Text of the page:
‘‘(b) REGULATIONS.—The Secretary shall promulgate regulations to define the dependents to which coverage shall be made available under subsection (a).

‘‘(c) RULE OF CONSTRUCTION.—Nothing in this section shall be construed to modify the definition of ‘dependent’ as used in the Internal Revenue Code of 1986 with respect to the tax treatment of the cost of coverage.”

The States’ Role

The extension of coverage for young adults under their parents’ or guardians’ health insurance plans, like many of the ACA’s provisions, originated in state legislatures. Prior to the implementation of the ACA, at least 31 states required carriers to extend coverage to young adults. The age at which insurers were no longer required to provide coverage to young adults under their family plans varied by state. Additionally, some states required certain conditions to be met by young adults in order to be eligible for coverage under their guardians’ plans. For example, a number of states required that young adults be unmarried in order to qualify.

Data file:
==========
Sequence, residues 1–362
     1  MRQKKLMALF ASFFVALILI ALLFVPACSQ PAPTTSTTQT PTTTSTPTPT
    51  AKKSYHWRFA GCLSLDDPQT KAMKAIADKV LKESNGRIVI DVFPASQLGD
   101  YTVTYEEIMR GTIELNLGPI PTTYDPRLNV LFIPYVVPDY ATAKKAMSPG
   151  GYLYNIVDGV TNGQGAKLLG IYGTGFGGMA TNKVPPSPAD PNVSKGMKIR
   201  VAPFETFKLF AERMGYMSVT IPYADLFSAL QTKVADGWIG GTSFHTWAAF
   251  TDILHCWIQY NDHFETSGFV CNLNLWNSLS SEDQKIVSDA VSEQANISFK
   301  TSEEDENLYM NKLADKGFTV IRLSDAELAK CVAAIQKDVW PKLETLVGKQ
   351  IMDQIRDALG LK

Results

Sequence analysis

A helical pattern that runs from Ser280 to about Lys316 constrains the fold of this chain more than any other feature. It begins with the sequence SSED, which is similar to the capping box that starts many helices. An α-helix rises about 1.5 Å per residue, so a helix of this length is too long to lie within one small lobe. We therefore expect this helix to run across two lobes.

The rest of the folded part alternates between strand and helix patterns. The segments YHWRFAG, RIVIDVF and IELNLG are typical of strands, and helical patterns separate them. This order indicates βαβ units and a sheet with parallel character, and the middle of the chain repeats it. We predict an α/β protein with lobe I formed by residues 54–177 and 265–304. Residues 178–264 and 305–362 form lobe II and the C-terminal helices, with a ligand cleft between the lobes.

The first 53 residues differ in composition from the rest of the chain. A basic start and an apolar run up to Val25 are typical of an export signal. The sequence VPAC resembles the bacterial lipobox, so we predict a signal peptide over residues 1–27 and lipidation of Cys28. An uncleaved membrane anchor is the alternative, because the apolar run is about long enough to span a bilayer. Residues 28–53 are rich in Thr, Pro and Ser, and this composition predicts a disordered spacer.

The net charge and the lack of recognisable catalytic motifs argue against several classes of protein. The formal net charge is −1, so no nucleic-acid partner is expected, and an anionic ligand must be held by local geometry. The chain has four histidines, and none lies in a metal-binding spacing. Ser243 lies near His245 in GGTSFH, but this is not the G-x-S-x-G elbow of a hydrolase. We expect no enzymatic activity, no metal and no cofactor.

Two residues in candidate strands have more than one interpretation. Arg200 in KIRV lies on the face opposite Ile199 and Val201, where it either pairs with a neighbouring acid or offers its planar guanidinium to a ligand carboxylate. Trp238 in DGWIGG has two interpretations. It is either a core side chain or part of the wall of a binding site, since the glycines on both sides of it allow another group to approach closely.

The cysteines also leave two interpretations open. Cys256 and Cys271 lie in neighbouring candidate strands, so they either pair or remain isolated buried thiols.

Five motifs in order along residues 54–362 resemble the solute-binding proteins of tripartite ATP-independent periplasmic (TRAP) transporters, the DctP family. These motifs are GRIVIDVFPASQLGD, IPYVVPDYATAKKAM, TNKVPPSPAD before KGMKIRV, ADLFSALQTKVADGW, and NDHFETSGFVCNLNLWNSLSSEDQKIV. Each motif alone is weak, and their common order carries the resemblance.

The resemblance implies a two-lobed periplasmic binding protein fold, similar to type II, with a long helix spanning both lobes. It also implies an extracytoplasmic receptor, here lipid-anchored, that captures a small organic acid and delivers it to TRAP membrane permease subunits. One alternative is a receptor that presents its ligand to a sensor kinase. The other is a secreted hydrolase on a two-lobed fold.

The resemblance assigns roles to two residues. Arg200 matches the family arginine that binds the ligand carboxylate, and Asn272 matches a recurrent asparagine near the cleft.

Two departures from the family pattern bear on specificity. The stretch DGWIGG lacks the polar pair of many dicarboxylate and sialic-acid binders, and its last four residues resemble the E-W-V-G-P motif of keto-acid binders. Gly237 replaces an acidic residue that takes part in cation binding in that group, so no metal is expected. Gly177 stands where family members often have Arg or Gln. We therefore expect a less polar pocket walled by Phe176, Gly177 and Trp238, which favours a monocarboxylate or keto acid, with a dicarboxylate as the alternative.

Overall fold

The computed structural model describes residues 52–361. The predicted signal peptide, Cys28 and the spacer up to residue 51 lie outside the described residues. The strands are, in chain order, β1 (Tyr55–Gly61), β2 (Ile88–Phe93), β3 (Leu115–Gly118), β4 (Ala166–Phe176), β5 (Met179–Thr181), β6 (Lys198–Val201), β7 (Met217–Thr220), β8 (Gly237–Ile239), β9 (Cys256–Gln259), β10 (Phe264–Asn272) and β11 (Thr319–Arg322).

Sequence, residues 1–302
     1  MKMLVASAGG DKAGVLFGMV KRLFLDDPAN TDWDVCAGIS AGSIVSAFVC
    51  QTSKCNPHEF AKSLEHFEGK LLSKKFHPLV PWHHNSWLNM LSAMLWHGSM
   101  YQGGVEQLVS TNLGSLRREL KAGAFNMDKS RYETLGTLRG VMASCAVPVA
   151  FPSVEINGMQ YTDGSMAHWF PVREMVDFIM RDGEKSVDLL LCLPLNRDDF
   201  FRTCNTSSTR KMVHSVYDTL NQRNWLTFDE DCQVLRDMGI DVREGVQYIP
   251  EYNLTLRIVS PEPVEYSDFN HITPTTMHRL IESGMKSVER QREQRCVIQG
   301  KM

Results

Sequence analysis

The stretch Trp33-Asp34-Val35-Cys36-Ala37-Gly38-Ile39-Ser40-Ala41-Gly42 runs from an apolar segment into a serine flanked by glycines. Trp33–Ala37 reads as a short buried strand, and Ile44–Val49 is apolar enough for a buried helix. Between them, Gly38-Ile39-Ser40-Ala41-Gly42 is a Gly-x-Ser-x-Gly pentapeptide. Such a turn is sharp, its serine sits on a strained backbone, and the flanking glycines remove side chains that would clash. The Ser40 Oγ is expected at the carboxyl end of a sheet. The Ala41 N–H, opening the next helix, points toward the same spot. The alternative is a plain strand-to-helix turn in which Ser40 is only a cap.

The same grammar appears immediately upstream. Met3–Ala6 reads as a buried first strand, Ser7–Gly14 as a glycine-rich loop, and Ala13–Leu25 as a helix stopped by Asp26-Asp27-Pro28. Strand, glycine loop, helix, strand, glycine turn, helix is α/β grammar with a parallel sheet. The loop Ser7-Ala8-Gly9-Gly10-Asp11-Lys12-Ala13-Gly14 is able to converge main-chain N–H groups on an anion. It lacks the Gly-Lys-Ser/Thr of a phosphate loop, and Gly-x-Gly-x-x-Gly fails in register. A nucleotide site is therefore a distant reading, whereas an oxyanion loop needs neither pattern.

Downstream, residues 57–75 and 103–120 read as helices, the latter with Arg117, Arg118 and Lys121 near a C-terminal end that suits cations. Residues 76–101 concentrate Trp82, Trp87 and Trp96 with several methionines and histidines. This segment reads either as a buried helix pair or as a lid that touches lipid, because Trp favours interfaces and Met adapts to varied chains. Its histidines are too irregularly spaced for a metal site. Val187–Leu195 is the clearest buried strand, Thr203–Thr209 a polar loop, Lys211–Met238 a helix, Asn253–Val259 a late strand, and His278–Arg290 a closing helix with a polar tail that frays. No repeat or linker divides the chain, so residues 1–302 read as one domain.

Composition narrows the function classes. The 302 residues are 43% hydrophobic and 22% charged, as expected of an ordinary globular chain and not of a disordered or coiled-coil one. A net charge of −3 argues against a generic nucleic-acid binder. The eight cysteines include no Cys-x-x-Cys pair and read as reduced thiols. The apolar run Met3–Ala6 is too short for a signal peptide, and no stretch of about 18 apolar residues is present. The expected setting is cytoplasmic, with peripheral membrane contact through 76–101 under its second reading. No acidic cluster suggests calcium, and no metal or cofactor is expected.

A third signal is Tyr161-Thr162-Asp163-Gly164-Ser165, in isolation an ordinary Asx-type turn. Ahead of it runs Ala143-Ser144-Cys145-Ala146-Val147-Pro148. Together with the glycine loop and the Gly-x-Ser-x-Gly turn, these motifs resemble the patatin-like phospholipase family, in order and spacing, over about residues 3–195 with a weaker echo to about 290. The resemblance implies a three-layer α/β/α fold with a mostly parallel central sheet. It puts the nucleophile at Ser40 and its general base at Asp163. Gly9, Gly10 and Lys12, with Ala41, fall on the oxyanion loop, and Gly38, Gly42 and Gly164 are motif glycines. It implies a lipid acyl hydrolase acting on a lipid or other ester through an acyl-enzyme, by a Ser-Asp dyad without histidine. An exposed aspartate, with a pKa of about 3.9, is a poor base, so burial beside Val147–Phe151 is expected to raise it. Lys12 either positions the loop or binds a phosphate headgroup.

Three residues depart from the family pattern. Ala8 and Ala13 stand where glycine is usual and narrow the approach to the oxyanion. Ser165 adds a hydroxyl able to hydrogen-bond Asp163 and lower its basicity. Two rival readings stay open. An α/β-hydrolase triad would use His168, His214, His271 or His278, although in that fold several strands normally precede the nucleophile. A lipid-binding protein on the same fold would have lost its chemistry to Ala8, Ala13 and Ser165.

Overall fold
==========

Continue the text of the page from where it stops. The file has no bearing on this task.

States may continue with current state law requirements for extended dependent coverage unless they prevent the application of the ACA. As with other state health insurance statutes, the state mandate language enables the state insurance departments to educate the public, and to implement and enforce those laws directly, including use of state courts and state-specific penalties.